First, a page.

Psychotherapy Bulletin

Psychotherapy Bulletin

Clinical Impact Statement: Psychology and abolition are linked in numerous ways. In this article, we argue that psychology has an important role to play in moving our society away from its reliance on punishment, and towards life-affirming modes of care and rehabilitation.

Though they may seem initially like an odd couple, psychology and abolition are inextricably linked. Abolition has meant many things throughout history, and in this paper, it is defined as the dismantling of the prison-industrial complex (PIC) and the creation of structures of accountability and care that are fundamentally non-punitive. Activist and organizer, Rachel Herzing, defines the PIC as “the symbiotic relationship between public and private interests that employ imprisonment, policing, surveillance, the courts, and their attendant cultural apparatuses as a means of maintaining social, economic, and political inequities” (Schenwar & Law, 2020, p. 8). PIC abolition targets the physical sites of jails and prisons, as the name suggests, but its aims are much broader than that; it includes opposing any institutions that operate under a logic of carceral control and supporting systems that meet people’s needs—from a pollution-free environment to food and housing. Abolitionist efforts to reduce our reliance on policing and punishment have been active for decades, with communities of color at the forefront of this work. Recent protests in the wake of several highly publicized police murders of Black people have brought abolitionist ideas to a wider audience, and calls to defund the police and redirect funds to community services are no longer seen as ideas belonging to some radical fringe. Many conversations surrounding racial justice have explicitly focused on mental health care and how it can be divorced from its current entanglement with policing. The discipline of psychology undoubtedly has an important role to play in making our society safer, and we argue that that role is not in reforming the current system but in abolishing it.

When we discuss how psychology has an inherent responsibility to work toward prison abolition, the most obvious connection between the two is the field of forensic psychology. Forensic psychology has been defined as “the application of clinical specialties to legal institutions and people who come into contact with the law” (Cronin, 2009, p.5). The American Psychological Association (APA) broadens the definition to include the application of research and scholarship in other fields of psychological study (e.g., cognitive psychology, developmental psychology) to legal issues and questions (Ward, 2013). Either way, it is the direct connection to people who have been swept up into the legal system that makes forensic psychologists (and forensic psychology training programs) uniquely positioned to advocate for abolition.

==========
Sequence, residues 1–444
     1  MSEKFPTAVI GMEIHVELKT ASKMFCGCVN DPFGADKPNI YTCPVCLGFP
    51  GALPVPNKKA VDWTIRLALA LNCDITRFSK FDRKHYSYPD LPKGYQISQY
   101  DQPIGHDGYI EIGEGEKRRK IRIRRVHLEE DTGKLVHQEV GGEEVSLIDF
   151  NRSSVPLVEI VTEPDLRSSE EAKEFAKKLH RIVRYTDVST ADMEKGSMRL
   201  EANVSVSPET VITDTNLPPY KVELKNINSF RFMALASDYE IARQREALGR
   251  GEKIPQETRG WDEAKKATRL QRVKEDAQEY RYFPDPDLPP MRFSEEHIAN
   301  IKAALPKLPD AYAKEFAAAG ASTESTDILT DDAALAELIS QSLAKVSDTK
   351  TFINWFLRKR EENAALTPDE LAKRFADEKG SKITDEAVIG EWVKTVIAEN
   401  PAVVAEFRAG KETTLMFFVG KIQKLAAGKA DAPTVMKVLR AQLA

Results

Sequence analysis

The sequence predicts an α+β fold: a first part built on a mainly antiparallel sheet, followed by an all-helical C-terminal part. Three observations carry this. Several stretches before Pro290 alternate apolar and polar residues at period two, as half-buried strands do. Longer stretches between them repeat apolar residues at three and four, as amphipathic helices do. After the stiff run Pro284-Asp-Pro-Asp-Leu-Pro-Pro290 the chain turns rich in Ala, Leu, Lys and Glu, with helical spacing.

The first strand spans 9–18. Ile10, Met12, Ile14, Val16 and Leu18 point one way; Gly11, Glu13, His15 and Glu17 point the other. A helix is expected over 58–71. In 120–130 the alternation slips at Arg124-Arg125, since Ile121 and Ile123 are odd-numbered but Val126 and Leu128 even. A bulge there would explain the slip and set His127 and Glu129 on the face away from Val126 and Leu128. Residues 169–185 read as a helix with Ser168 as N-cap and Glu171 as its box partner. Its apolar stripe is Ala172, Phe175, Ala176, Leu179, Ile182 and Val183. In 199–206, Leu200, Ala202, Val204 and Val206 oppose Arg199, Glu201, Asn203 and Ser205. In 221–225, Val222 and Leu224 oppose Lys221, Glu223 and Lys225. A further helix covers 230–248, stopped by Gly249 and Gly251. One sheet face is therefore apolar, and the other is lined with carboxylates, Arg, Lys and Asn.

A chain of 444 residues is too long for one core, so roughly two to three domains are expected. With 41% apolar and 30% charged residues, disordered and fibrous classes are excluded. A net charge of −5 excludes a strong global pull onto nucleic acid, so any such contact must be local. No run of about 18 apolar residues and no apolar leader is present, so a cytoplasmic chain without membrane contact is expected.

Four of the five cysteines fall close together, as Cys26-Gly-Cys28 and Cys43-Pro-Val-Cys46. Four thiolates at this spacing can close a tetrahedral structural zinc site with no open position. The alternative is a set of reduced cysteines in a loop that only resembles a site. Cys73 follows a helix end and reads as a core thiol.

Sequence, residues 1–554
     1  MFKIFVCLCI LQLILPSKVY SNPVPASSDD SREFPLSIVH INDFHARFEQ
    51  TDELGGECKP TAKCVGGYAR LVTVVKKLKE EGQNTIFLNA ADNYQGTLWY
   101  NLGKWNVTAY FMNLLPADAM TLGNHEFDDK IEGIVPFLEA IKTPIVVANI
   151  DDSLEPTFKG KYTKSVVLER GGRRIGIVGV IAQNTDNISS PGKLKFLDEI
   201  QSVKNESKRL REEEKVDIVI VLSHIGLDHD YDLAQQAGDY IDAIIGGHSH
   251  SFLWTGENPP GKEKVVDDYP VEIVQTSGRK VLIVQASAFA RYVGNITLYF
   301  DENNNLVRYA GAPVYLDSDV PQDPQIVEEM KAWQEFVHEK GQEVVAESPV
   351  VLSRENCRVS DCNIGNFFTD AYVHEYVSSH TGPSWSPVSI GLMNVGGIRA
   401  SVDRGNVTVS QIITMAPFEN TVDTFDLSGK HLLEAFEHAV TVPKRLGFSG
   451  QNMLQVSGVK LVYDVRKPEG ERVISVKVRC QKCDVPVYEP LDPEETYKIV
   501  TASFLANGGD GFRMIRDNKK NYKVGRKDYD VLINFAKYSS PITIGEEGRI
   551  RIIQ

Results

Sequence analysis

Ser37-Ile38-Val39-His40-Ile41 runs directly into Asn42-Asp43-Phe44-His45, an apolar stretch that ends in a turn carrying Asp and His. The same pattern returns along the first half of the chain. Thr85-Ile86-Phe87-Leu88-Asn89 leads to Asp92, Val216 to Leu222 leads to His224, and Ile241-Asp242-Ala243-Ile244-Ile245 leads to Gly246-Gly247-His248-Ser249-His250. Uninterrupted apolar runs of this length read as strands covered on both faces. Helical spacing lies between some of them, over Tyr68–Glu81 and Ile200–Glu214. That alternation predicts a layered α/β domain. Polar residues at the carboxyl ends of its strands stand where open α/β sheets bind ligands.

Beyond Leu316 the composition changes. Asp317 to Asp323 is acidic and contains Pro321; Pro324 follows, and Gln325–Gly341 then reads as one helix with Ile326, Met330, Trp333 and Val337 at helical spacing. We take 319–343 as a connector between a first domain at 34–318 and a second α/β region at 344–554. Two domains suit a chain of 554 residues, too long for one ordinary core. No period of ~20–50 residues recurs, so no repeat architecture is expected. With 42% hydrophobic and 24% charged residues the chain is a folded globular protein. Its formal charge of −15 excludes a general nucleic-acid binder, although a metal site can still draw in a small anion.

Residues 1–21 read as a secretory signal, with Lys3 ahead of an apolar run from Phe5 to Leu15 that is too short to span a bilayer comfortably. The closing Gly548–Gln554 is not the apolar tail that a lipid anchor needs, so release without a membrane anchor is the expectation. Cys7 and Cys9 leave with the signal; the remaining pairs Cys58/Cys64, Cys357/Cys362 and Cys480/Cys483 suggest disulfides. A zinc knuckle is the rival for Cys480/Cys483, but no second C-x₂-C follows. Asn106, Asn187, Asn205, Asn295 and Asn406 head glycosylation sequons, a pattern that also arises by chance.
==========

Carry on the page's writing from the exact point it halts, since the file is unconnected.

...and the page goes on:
In forensic psychology training programs, we learn that people with mental illnesses are severely over-incarcerated, at an estimate of two to four times the general population (Prins & Draper, 2009). We learn that incarcerated environments are ill-equipped to treat mental illness, and in some cases, even create symptoms of mental illness in people who previously had none (Davies, 2020). We are taught that our places within the field of psychology include, but are not limited to, assisting local police with calls that involve a potential mental health crisis, assessing people for competency to stand trial, providing mental health care within jails and prisons, and working in drug courts. Although these options may allow us to help many individuals, they all operate under the same base assumption that our current systems of policing and incarceration will always need to exist. Most, if not all, career options for a forensic psychologist came to fruition from the realization that mental illness, when accompanied by other important risk factors, greatly increases the likelihood that a person will come into contact with the criminal justice system (Skeem et al., 2008). Thus, forensic psychologists have been at the forefront of advocating for criminal justice reforms that, on the surface, offer a better option than a regular prison sentence for those with mental illness and/or substance use disorders.